The Chronicles of Eagle Girl and Midnight: A Monster Is Thwarted

Monster“Shh,” she whispered, her tiny eyes darting back and forth. “I hear monsters.”

I nodded. Beneath a red throw, my four-year old daughter and I were pretending. We were being mercilessly hunted by a band of raving and grotesque lunatics. We were scared. I could hear their haunting screams in the distance. My heart quickened as a tear—one solemn tear—gently rolled down my cheek.

“Father,” Regan said, as scarlet hues painted her face, “don’t be afraid.”

“Why shouldn’t I be?”

“Because these monsters,” she laughed, “are nothing to Eagle Girl.”

“Who?”

“Eagle Girl, our savior.”

“But, surely,” I said, “Eagle Girl is tucked safely in her eerie. How would she know? Why would she care? She is great, I fear, and we are not. Would she deign to swoop down and rescue us?”

“Father, you do not know of whom you speak.”

“Bah! Eagle Girl is far away, soaring over the mountains. She is no concern of ours.”

“I say again,” Regan chanted with a firm conviction, “you do not know of whom you speak. Eagle Girl is a miracle in being. She is courageous and ferocious. She speaks seven languages, has rainbow feathers, and flies faster than wind.”

“And how, pray tell, will that save us?” My voice was shrill and packed with fright. The moaning voices of the damned were drawing near.

“How?! How, you ask! Eagle Girl’s wings are made of lightening. She kills germs. And, if that wasn’t enough Father, one of her wings detaches from her body. And it is with this arm that she smites her foes. I have seen it.”

“Smite?” I asked.

Regan nodded while moving her hand horizontally across her neck.

“You mean, with her detachable wing, Eagle Girl decapitates ghouls?”

“Yes. And she wears makeup.”

“Ah, I see. Perhaps, then, we are saved.” I smiled. “But how will Eagle Girl know that we are thusly confined?”

“Eagle Girl reads minds, Father. But she also employs her pet hamster, Midnight, on errands of an intelligent nature.”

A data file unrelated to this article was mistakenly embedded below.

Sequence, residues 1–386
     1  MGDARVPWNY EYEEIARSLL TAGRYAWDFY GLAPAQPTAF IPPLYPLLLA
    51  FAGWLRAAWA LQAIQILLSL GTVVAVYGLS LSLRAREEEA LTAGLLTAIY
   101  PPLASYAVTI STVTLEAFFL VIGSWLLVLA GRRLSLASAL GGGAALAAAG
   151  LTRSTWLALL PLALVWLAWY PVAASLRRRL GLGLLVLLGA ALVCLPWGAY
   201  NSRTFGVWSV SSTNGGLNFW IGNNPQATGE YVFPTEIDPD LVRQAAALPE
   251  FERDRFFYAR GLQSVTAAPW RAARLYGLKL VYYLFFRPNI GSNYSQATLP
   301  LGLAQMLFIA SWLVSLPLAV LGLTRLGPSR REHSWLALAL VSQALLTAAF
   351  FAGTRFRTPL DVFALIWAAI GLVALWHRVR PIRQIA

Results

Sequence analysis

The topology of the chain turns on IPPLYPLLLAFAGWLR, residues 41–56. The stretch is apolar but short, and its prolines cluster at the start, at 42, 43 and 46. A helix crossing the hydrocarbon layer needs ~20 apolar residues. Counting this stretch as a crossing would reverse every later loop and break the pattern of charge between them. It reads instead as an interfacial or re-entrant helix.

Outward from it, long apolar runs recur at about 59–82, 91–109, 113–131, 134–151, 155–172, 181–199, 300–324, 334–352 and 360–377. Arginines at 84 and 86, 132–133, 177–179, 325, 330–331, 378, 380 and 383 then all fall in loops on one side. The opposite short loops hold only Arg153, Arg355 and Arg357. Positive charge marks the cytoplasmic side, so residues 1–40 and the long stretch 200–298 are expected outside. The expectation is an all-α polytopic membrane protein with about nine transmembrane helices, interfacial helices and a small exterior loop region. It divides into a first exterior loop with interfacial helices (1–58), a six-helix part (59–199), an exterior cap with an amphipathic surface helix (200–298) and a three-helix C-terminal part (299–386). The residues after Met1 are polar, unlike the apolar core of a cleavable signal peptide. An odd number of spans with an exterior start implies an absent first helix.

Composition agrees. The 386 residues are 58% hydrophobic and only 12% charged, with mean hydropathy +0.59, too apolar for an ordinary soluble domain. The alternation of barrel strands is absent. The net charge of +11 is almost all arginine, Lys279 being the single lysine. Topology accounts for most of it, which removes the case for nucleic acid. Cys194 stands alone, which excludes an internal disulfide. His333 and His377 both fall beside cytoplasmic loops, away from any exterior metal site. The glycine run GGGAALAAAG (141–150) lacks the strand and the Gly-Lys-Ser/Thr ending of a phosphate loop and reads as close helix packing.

“Do you mean to say that Midnight is skilled in the arts of reconnaissance?”

“Yes, yes, Father. And he is very good too.”

“Ah. Well, he would be, wouldn’t he?”

“Your words are wise, Father. Why, even now, Midnight is among us, gathering necessary information.”

“Well, in that case, I am no longer frightened. Eagle Girl will find us and I do believe that she will prevail.” And then a thought occurred to me: “But what should happen if Eagle Girl comes upon us at night, will she be able to espy us? Will she be frightened?”

“Father, your audacious thoughts are tiring. Of course! Eagle Girl not only sees into the blackest of nights, but she also glows in the dark. Besides, Eagle Girl fears nothing. You see, Father, we are saved!”

At that, a monster appeared. Bubbling foam poured from the corners of her mouth. At full height, she was six feet tall, but, in her present condition, she was bent over and twisted by the weight of a bizarre mound deforming her body.

She, the monster, ripped our aegis from atop us and began stomping around in a swooning rage. For a moment, I lost sight in my fear, but soon resuscitated as Regan, now transformed into Eagle Girl, rose up from the ashes of our tomb.

Flying into the air she cawed with all of her might and smote the evil, ravaging monster!

“Ouch!” my wife cried. “That really hurt, Regan. Do I need to send you to your room?”

“No,” Regan sulked.

“Good, because it’s dinner time.” My wife, Andrea, stalked off towards the kitchen.

I winked at Regan and placed a finger across my lips, as if to say: “Remain silent, this is our secret.”

A conspiratorial smile spread across Regan’s face, “I told you, Dad. Eagle Girl always comes to the rescue.”

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